Your father is probably disabled enough to get a blue badge. Both my husband and father had one. However, hospitals often only have a few disabled parking spaces and they are usually full quite early in the day so a blue badge does not solve that. You can contact PALS at your local hospital to ask if there's wheelchairs available for you (or a porter) to push your father to his appointment. He may also be able to get patient transport and you could go with him as a carer. This would however mean a long day picking up and dropping off other patients. If you are not too far from the hospital, a taxi is another option as they can drop you by the entrance and you don't have to find parking.

gillybob Mon 09-Jan-17 11:28:38

Exactly Elegran. I had horrendous problems with both my grandma and my mums hospital appointments. Both of whom told their social workers that they managed "fine". I used to get really angry and think "NO YOU DO NOT MANAGE FINE" . It used to half kill me getting my grandma (in particular) to and from hospital appointments and the absence of a blue badge meant that I often had to drive around for ages (or stop in some very awkward places, leaving her sat at the side of a road in her wheelchair) as I couldn't get my door open wide enough to get her in and out, in a conventional parking space.

gillybob Mon 09-Jan-17 11:30:22

A wheelchair is all very well and good GrandmaMoira but my biggest problem was getting the car door open wide enough to get my grandma in and out.

Rigby46 Mon 09-Jan-17 12:17:50

This is what you need- esp p25. The real issues are about how to define considerable difficulty in walking which involves how far, speed and any associated pain and/or breathlessness during or after. PM me if you want any more advice

Wobblybits Mon 09-Jan-17 12:27:59

My problem was opening the car door far enough to exit/enter my car.

The form from the council had more opportunity to explain the mobility problems than the on line form, and I could include xray results etc to back up my application.

eddiecat78 Tue 31-Jan-17 07:55:56

Just as an update - I applied using a form printed off from my local council website - and the badge came through in just over a week - which is brilliant as Dad has another hospital appointment on Thursday. The care home was very helpful providing a photo and a list of his medication - and on the the form I did emphasise his age and the fact that he lives in a care home and his condition is deteriorating.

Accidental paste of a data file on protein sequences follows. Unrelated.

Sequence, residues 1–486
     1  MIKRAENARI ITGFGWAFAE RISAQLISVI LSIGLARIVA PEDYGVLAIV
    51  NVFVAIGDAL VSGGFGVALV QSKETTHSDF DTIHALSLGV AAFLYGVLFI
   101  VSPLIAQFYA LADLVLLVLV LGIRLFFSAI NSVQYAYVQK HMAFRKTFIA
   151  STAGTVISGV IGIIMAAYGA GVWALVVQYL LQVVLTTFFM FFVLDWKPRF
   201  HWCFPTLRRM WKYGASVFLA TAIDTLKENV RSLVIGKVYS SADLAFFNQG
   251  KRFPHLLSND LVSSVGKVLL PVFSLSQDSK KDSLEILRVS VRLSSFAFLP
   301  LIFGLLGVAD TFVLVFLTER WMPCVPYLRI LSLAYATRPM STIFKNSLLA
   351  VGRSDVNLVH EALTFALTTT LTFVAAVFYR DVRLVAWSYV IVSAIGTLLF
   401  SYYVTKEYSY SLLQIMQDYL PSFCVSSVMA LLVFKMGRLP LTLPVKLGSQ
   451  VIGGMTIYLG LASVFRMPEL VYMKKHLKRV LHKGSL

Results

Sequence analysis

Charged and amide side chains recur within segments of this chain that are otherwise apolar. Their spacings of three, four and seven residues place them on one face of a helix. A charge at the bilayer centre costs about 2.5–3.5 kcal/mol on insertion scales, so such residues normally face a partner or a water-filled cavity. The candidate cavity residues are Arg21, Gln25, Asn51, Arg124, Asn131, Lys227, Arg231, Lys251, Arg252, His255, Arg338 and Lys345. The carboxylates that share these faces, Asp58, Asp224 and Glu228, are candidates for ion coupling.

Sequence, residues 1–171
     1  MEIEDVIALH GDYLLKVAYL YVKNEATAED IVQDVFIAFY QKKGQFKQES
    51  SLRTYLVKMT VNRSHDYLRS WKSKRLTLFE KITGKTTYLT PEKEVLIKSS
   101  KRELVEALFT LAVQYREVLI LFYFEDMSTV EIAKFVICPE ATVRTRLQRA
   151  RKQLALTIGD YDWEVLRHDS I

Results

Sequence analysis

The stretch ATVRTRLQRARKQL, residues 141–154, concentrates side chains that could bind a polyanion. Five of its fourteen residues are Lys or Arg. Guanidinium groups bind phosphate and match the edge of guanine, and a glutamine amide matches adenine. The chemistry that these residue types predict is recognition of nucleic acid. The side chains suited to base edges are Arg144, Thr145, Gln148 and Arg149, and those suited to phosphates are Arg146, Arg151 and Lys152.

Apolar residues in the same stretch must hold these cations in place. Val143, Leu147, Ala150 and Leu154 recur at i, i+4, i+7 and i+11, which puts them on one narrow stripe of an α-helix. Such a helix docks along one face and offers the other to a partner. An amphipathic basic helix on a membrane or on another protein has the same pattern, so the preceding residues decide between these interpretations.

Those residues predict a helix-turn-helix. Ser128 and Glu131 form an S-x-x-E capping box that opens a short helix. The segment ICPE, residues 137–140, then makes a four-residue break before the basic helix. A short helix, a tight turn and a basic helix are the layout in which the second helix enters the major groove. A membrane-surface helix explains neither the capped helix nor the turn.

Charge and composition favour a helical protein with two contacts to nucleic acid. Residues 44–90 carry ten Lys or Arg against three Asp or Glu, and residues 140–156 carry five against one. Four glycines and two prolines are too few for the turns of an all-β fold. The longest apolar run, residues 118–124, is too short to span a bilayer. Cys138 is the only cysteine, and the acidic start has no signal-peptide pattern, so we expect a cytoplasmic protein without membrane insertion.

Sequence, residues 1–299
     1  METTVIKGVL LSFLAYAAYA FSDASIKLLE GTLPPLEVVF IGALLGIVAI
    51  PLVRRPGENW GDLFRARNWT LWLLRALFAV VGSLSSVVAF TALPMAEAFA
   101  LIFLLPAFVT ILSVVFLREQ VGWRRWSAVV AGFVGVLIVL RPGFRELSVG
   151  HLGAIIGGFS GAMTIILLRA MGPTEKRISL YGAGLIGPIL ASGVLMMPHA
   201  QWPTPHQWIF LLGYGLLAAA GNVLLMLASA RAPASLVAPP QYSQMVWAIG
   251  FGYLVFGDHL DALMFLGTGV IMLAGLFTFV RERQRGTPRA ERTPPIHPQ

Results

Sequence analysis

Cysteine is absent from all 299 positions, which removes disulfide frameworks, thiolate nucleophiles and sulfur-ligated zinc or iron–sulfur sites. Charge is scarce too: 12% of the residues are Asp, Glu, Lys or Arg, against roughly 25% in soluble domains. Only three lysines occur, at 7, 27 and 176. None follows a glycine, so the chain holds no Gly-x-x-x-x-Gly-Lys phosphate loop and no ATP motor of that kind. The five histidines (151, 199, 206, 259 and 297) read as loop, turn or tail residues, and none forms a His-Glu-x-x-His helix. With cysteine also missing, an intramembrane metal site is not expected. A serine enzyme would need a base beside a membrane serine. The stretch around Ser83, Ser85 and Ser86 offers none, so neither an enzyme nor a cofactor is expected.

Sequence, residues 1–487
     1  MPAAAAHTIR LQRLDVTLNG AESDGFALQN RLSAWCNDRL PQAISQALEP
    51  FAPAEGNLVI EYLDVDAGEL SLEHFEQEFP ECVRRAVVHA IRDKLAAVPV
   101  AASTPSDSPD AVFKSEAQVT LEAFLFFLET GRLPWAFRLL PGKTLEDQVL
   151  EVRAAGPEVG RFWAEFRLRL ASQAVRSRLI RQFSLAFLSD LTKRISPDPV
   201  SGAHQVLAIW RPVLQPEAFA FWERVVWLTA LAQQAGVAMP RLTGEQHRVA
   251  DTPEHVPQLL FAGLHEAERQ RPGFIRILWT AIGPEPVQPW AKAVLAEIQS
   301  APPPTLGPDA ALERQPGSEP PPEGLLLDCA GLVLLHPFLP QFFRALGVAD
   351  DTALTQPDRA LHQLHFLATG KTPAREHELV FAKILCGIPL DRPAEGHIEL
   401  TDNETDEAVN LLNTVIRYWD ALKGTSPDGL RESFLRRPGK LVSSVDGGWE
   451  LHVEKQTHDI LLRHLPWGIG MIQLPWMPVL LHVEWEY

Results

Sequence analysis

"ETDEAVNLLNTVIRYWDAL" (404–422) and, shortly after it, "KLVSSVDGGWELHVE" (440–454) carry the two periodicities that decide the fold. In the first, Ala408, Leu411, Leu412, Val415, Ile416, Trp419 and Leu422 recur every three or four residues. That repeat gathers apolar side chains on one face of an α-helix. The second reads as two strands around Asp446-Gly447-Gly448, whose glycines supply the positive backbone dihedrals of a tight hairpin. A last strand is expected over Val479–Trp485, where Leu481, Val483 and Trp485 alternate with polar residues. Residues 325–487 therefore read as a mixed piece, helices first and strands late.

Charleygirl Tue 31-Jan-17 08:46:54

That is excellent- his age alone would be a great help to getting the badge.

Anya Tue 31-Jan-17 09:16:05

Good news eddiecat and well done not letting the form intimidate you.

rosesarered Tue 31-Jan-17 09:42:53

Having a badge will be a real boon for hospital parking eddie as well as taking him anywhere in town.

f77ms Tue 31-Jan-17 09:48:50

eddiecat check your hospitals policy on Blue badge parking . My local hospital demands that your BB is registered with them (at reception) otherwise you still get a parking fine . £70 in some cases ! Once you are registered you can park everytime you go without risk of fine xx

eddiecat78 Tue 31-Jan-17 12:15:46

Thanks - I did phone the hospital and was told I do still have to pay for parking if I use a disabled space but I will check when I go

Wobblybits Thu 02-Feb-17 16:40:28

Interestingly, we have a new Physio Therapy unit near the centre of town, due to space limitations, there is no parking at all. However they have organised parking at the local football ground and a 1/2 hourly free shuttle bus, ideal solution to lack of in-town space. If they had built it out of town, public transport would have been limited.

maisie123 Thu 02-Feb-17 16:40:56

My father is 95 and uses a rollator to walk, without that he would be very unsteady and in danger of falling. Like others, I also have difficulty opening the car door wide enough to enable him to get in and out. I have to take him to an independent doctor next week for a mobility assessment. I fear he will say he's fine and can manage.
You'd think at 95 that he should qualify automatically!
What also makes me cross is that he did have blue badge, which he qualified for when he was waiting for a hip replacement 15 years ago, but he sent it back when he gave up the car when he was 90!